Author: Kyle Huck
Posted: July 6, 2018
It only takes about 20 months.
At the starting line, 20 months feels like a marathon. At the finish line, it feels like a sprint. Twenty months at The School of Business — honestly the most effort I’ve ever poured into anything — and I’ve earned my MBA. Okay, I don’t have the fancy piece of paper yet, but I got the email and I’m pretty sure I’m in the clear at this point.
This is my final MBA blog post, a farewell to the School of Business, if you will. I started by revisiting my first ever post (here), and the contrast is kind of entertaining. The start of the program was definitely a shock, but sweet baby 2016 Kyle had no idea what was coming.
Capstone was an exhausting yet incredibly valuable team experience.
Yes, the first and second term of the program were pretty tough, but a lot of that was due to the fact we just weren’t used to the intensity yet. Capstone, on the other hand, we were prepared for, or at least we thought we were. We’re meant to spent around eight hours a week for about five months straight on this project. Our team had a pretty consistent pace from the get-go, but I still spent probably 25 hours over the last weekend before our final presentation. It was grueling work, but luckily my teammates. were. rockstars.
I know every team’s project depended on constant communication and complete trust in one another. The MBA program taught us to lean on one another’s strengths, and by the time Capstone rolled around, we knew exactly how to fully maximize our collective competencies to take our projects from acceptable to exceptional.
Was the juice worth the squeeze?
100%. It’s that simple if you ask me. I got everything I expected out of this program and then some. I think — I hope — my classmates did, too. My career has advanced. I actually feel smarter. Sometimes I surprise myself when I improvise a super businessy-sounding sentence.
The business acumen and skills are what you’d expect, but the curriculum, the faculty and the cohort model deliver so much more. You get mentoring and coaching, soft skills valuable in and out of the workplace, and of course, amazing friendships. Our cohort grew pretty close, and I enjoyed every opportunity to bond with the part-timers as well.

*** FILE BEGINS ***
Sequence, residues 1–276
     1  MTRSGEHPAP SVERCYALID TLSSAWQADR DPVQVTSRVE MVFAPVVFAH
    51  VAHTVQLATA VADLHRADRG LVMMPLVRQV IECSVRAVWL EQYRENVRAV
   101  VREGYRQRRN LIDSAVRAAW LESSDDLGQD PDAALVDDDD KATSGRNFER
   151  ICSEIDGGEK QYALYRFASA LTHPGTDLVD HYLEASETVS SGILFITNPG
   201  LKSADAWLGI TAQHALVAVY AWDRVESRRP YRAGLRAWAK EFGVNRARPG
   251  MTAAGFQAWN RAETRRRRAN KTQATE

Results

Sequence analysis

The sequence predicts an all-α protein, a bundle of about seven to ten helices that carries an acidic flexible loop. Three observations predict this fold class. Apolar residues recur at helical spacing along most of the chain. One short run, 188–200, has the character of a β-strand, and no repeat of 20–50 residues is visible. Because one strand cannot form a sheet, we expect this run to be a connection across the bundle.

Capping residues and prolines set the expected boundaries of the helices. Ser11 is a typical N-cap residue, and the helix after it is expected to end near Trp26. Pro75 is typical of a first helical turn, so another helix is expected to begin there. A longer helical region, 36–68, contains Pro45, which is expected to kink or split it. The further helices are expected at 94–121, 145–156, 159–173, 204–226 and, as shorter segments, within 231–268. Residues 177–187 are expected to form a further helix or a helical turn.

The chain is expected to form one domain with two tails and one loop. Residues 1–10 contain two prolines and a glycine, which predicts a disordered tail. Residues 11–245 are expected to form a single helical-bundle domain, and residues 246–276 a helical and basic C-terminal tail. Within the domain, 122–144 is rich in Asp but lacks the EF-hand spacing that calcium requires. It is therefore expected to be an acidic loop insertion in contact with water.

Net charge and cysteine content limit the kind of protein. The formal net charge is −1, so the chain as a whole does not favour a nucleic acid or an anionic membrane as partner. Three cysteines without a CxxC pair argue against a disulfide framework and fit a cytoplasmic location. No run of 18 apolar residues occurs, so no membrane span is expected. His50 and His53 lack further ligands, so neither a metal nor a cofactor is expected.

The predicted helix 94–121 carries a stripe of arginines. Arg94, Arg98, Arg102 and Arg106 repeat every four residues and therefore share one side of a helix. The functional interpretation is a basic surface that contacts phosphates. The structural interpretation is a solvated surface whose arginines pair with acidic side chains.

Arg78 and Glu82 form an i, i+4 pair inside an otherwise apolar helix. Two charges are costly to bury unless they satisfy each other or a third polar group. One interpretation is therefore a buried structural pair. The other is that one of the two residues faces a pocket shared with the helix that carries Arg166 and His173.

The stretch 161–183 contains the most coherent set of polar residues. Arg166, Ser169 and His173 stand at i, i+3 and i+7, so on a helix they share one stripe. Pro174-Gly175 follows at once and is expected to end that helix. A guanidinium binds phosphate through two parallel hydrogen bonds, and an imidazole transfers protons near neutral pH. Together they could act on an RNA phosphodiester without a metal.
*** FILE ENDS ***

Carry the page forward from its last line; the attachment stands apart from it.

And how could I forget to mention the international experience?! Twenty-something of us went to Chile and Argentina while some went to Colombia, others to France and another group to China and Vietnam. Our trip was easily one of the best learning opportunities and most exciting adventures I’ve ever experienced. I’m truly grateful for what I got out of our journey.
Not goodbye, but see you later.
I’m the kind of person that gets very sentimental during major life changes. It felt weird to walk the stage and leave the campus for what felt like the last time.
Of course I still live just a 15-minute walk away from the Karl Miller Center. I know I’ll keep in touch with my classmates and stay involved with the SB community and events.
When you depart the program, you’re not gone for good, or at least I’m not. You just change your name tag from ‘MBA Candidate’ to ‘MBA 2018’. I plan to leverage my connection to the PSU School of Business for a long time — for my own benefit and for others. I’m seriously proud of myself and my fellow grads.
It’s been quite a wild ride.
Kyle Huck was a full-time MBA student at Portland State. He was a graduate assistant in the Marketing and Communications department of the School of Business Administration. His background is in graphic design and web-based marketing. He
plans to use is now using his MBA to advance his career in the creative/marketing world.